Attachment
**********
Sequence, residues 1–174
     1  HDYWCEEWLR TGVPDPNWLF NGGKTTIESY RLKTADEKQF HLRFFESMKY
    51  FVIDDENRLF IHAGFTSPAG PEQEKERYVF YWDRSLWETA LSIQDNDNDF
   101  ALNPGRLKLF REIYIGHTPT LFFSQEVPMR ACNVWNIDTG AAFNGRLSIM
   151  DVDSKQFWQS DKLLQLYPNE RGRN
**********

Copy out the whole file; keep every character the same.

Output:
Sequence, residues 1–174
     1  HDYWCEEWLR TGVPDPNWLF NGGKTTIESY RLKTADEKQF HLRFFESMKY
    51  FVIDDENRLF IHAGFTSPAG PEQEKERYVF YWDRSLWETA LSIQDNDNDF
   101  ALNPGRLKLF REIYIGHTPT LFFSQEVPMR ACNVWNIDTG AAFNGRLSIM
   151  DVDSKQFWQS DKLLQLYPNE RGRN